8 Troposphere temperature decreases with altitude
lowest layer of the atmosphere temperature decreases with altitude environmental temperature lapse rate (ETL) ETL – temperature decreases with altitude ETL averages 6.4 0C/1000 m or 3.5 0F/1000 ft. all storm and turbulent activity takes place average thickness is 12 km from surface thickest at the equator (16 km, 10 mi.) thinnest at the polar regions (6 km, 4 mi.) responsible for the greenhouse effect 9

9 Stratosphere mesosphere. contains strong, persistent winds that blow
Layer lies between the troposphere and mesosphere. contains strong, persistent winds that blow from west to east. Temperature increases as altitude increases. contains the ozone layer (O3). Stratosphere heats up because the ozone absorbs the sun’s radiation. 10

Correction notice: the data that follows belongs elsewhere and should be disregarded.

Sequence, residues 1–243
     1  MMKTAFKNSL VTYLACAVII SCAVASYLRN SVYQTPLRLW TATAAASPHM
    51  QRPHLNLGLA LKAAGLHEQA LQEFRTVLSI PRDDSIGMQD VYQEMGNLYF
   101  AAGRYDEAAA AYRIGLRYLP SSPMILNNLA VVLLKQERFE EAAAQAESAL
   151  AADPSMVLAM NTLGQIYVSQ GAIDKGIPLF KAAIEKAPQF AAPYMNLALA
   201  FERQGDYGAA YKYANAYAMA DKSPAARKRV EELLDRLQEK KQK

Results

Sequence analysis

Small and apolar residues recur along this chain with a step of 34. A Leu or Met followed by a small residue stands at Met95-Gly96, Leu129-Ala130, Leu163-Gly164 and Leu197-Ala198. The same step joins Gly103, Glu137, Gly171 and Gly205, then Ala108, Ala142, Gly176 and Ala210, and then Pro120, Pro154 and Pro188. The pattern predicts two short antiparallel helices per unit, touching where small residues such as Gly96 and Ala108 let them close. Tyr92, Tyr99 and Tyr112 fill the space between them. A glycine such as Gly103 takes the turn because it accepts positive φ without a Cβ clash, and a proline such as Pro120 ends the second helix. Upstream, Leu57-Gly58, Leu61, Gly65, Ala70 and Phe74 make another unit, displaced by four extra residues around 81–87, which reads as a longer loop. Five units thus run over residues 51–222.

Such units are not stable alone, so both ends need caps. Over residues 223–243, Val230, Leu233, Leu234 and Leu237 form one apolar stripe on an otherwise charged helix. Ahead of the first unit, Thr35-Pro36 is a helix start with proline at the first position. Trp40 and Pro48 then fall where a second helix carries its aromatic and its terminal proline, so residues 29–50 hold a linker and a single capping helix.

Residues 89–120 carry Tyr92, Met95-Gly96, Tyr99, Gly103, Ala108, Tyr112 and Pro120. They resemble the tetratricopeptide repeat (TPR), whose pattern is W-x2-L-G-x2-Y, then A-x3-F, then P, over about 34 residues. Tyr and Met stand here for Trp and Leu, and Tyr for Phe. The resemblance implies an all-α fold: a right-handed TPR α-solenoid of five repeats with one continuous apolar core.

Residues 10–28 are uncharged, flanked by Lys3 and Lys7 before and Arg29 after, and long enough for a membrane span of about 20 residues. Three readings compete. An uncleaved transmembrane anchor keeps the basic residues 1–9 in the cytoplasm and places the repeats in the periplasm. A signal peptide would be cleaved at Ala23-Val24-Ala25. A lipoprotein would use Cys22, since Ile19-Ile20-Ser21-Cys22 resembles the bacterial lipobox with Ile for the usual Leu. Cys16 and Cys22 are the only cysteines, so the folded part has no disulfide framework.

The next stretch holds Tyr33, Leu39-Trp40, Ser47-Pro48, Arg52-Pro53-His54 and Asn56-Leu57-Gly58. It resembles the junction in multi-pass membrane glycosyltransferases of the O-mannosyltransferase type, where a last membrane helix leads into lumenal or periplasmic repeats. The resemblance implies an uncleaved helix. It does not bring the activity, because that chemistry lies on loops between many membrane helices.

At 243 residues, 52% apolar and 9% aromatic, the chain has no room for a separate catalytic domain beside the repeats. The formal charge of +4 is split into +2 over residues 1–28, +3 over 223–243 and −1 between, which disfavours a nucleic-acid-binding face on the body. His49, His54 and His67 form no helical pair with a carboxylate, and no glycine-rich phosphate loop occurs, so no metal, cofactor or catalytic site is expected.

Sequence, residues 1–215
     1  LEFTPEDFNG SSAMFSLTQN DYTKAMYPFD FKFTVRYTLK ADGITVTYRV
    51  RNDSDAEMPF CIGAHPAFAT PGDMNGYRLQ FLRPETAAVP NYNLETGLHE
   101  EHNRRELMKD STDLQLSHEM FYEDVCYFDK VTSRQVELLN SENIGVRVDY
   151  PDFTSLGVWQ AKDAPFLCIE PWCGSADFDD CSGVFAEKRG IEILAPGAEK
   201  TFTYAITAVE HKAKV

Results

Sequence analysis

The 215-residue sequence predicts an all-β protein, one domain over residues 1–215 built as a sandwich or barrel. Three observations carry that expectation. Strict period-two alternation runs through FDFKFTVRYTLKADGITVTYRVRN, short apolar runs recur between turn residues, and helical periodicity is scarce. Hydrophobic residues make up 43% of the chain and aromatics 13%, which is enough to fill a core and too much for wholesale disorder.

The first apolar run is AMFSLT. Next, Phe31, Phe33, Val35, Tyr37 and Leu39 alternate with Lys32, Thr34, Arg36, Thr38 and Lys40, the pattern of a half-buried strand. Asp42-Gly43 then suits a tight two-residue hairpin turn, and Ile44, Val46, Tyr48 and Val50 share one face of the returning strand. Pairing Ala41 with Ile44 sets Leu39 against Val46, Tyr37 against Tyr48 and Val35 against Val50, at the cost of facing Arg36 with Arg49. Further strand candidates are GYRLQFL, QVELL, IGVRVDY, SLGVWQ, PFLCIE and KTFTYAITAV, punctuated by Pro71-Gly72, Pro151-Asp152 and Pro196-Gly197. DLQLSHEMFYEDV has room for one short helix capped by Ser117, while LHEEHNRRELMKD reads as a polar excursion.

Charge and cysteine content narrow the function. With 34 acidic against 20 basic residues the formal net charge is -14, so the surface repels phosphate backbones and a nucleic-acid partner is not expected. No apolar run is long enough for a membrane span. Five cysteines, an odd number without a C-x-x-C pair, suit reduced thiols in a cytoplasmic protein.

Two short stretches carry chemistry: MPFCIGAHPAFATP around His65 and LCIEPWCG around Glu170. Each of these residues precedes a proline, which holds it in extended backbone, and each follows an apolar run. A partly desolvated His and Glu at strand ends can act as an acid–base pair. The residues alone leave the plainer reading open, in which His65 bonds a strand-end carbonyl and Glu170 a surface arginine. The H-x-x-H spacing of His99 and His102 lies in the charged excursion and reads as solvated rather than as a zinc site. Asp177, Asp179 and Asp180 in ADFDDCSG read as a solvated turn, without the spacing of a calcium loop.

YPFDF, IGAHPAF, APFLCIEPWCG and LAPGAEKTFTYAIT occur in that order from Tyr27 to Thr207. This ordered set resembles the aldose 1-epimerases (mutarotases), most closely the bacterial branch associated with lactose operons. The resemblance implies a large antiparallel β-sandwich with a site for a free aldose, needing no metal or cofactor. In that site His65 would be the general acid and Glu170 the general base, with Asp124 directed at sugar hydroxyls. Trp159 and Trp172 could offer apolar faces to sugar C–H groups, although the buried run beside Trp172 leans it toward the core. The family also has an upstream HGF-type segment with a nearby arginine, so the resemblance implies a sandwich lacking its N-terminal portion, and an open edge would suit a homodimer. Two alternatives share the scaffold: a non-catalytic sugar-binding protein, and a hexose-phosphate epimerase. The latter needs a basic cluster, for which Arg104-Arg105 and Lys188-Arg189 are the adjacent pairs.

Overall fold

10 Ozone layer (O3) O O O three oxygens bonded together
O2 (molecular oxygen) + O (elemental oxygen) combine through ultra-violet energy bombardment continuous cycle protects us from harmful ultra-violet radiation absorbs 97% of UV radiation concentrated in the upper stratosphere 11

11 Mesosphere layer between the thermosphere and stratosphere
30 to 50 miles above the earth temperature decreases with altitude has the coldest temperature of -90 0C 12

12 Thermosphere first layer to be heated by the sun
uppermost layer of atmosphere temperature increases with altitude Where’s the upper boundary? 13

13 Wavelengths the human eye can see